The following table sets forth the primary sources and uses of cash for each of the period set forth below:
|Three Months Ended|
|Cash used in operating activities||$||(2,806||)||$||(3,032||)|
|Cash used in investing activities||(102||)||-|
|Cash provided by/(used) financing activities||(135||)||14,761|
|Net increase (decrease) in cash, cash equivalents and restricted cash||$||(3,043||)||$||11,729|
We have incurred significant costs in the area of research and development, including clinical supply manufacturing, regulatory and clinical development costs and costs associated with being a public company. Net cash used in operating activities was approximately $2.8 million for the three months ended March 31, 2018 and approximately $3.0 million for the three months ended March 31, 2017.
Net cash used in investing activities for the three months ended March 31, 2018 of approximately $0.1 million for equipment.
Net cash used in for the three months ended March 31, 2018 of $135,000 was for the pay down of notes payable. Net cash provided by financing activities of $14.8 million for the three months ended March 31, 2017 was primarily due to net proceeds of approximately $12.7 million from the warrant tender offer and proceeds approximating $2.1 million from warrants exercised by investors outside of this offer.
Funding Requirements and Other Liquidity Matters
MAT2203, MAT2501 and our LNC delivery platform are still in development stages. We expect to continue to incur significant expenses and increasing operating losses for the foreseeable future. We anticipate that our expenses will increase substantially if and as we:
|●||conduct our planned pivotal Phase 2 clinical trial of MAT2203, our lead product candidate;|
|●||initiate and continue the research and development of our other product candidates and potential product candidates, including potential Phase 1 and Phase 2 clinical trials of MAT2501;|
|●||seek to discover and develop additional product candidates using our LNC delivery technology platform;|
|●||seek regulatory approvals for any product candidates that successfully complete clinical trials;|
|●||establish a sales, marketing and distribution infrastructure in the future to commercialize any products for which we may obtain regulatory approval;|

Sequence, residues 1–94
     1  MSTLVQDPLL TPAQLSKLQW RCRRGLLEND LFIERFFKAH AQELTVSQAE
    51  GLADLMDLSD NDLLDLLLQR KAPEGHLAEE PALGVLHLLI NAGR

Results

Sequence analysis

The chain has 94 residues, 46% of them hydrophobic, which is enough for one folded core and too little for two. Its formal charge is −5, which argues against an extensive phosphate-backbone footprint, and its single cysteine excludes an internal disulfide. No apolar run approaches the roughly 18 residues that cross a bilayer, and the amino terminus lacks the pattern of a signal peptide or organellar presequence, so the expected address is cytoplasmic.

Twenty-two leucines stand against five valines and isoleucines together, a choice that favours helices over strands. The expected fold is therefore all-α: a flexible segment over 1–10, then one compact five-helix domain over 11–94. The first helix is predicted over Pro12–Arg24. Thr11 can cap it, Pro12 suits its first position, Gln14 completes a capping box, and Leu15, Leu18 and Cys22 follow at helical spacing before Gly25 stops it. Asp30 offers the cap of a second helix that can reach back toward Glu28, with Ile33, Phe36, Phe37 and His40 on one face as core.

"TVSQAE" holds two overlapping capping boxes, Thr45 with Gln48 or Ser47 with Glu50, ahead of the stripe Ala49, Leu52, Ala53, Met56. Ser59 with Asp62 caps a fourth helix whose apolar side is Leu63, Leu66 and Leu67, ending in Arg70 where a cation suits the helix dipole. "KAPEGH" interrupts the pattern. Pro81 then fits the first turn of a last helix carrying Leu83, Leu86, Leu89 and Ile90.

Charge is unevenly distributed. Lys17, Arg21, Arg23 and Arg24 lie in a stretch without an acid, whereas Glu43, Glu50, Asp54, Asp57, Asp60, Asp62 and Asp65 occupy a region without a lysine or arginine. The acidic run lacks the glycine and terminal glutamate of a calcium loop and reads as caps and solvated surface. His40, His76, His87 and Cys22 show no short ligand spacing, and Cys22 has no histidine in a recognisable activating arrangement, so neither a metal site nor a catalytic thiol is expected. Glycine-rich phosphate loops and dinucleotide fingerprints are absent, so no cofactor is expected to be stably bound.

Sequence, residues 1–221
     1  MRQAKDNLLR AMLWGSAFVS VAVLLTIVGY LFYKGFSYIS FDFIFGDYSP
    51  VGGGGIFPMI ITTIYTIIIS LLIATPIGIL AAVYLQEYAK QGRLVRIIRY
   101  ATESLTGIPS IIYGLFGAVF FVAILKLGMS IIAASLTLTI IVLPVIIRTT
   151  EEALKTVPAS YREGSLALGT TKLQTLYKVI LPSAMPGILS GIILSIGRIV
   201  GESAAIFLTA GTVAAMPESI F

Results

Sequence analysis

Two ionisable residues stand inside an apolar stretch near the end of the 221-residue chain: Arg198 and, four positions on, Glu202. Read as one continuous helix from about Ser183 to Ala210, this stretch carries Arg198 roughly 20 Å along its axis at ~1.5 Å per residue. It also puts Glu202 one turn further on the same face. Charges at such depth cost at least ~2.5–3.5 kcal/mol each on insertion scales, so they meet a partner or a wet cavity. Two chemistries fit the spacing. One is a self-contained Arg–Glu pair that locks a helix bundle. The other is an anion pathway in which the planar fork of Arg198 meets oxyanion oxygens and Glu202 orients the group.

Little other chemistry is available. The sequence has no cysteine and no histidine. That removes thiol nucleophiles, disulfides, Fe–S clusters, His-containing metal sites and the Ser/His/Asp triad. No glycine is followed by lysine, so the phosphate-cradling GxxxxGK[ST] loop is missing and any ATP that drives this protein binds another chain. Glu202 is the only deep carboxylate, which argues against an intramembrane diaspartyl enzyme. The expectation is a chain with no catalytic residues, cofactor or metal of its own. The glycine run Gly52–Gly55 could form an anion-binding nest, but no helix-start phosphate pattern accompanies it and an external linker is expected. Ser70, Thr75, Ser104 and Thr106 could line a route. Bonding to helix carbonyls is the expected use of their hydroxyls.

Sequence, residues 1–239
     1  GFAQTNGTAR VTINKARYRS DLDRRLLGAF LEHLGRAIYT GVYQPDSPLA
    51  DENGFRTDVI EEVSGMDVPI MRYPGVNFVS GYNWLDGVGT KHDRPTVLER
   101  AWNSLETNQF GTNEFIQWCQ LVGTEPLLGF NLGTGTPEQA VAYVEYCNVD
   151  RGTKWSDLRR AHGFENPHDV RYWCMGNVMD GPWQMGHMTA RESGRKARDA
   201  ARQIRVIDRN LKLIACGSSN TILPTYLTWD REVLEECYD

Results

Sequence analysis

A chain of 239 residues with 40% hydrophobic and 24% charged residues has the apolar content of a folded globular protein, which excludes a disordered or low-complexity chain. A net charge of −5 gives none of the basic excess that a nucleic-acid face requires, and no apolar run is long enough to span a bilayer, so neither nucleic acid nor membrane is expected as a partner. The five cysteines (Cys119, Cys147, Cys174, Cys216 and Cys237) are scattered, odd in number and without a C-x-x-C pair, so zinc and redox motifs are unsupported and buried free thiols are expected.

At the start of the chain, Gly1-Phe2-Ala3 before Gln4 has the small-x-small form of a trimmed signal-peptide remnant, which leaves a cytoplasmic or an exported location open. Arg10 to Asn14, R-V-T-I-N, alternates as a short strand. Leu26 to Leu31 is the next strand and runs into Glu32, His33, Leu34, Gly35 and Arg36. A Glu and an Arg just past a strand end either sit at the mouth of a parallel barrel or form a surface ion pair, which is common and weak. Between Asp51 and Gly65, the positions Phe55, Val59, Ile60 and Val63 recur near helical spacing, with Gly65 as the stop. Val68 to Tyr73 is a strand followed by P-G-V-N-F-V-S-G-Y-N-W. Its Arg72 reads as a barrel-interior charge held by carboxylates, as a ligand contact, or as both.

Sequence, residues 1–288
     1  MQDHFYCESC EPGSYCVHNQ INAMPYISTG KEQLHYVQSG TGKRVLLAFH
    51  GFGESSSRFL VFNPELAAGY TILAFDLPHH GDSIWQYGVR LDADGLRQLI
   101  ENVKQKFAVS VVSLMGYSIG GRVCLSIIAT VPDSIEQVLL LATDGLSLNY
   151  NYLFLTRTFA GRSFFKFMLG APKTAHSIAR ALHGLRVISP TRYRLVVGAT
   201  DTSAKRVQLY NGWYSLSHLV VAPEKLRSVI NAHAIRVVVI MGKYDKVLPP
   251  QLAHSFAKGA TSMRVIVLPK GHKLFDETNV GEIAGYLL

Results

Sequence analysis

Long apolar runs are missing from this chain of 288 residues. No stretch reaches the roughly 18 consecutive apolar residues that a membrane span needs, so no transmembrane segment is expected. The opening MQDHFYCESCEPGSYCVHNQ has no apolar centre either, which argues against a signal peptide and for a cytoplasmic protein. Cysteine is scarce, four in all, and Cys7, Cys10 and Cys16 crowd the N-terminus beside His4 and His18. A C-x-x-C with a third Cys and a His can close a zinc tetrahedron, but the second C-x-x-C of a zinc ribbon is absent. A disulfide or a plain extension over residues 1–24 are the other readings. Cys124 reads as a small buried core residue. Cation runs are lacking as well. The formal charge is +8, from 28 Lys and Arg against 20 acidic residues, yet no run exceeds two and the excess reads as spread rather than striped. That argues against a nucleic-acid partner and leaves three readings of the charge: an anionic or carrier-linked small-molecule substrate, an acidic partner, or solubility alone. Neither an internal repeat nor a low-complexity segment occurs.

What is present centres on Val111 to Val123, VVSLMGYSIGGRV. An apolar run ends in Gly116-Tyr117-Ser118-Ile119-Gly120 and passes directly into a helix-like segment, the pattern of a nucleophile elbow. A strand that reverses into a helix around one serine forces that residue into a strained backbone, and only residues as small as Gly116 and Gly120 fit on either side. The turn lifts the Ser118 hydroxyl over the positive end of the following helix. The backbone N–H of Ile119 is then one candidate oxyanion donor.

|●||require the manufacture of larger quantities of product candidates for clinical development and potentially commercialization;|
|●||maintain, expand and protect our intellectual property portfolio;|
|●||hire additional clinical, quality control and scientific personnel; and|
|●||add operational, financial and management information systems and personnel, including personnel to support our product development and planned future commercialization efforts and personnel and infrastructure necessary to help us comply with our obligations as a public company, particularly after we exit “emerging growth company” status.|
As of March 31, 2018, the Company had cash and cash equivalents of approximately $4.3 million. We believe the cash and cash equivalents on hand are sufficient to fund planned operations into September 2018. We will need additional financing to fund our operating expenses and to initiate and conduct our intended clinical programs, file additional patent applications and enhance our intellectual property position for lead compounds, and prepare for submission of an NDA for MAT2203 and conduct preclinical work in order to identify product candidates utilizing our cochleate delivery platform technology. We have entered into a Controlled Equity OfferingSM Sales Agreement, or sales agreement, with Cantor Fitzgerald & Co., or Cantor Fitzgerald to provide us with the potential of raising additional capital. If we are unable to raise additional funds when needed, we may be required to delay, limit, reduce or terminate our product development or future commercialization efforts or grant rights to develop and market any product candidates under our development that we would otherwise prefer to develop and market ourselves.
Until the time we can generate substantial product revenues from commercializing MAT2203 or any future product candidates, if ever, we expect to finance our cash needs through a combination of private and public equity offerings, debt financings, collaborations, strategic alliances and/or licensing arrangements. We do not have any committed external source of funds. To the extent that we raise additional capital through the sale of equity or convertible debt securities, the ownership interest of our stockholders will be diluted, and the terms of these securities may include liquidation or other preferences that adversely affect your rights as a common stockholder. Debt financing, if available, may involve agreements that include covenants limiting or restricting our ability to take specific actions, such as incurring additional debt, making capital expenditures or declaring dividends and could increase our expenses and require that our assets secure such debt. If we raise additional funds through collaborations, strategic alliances or licensing arrangements with pharmaceutical partners, we may have to relinquish valuable rights to our technologies, future revenue streams, research programs or grant licenses on terms that may not be favorable to us. If we are unable to raise additional funds when needed, we may be required to delay, limit, reduce or terminate our product development or future commercialization efforts or grant rights to develop and market any product candidates under our development that we would otherwise prefer to develop and market ourselves.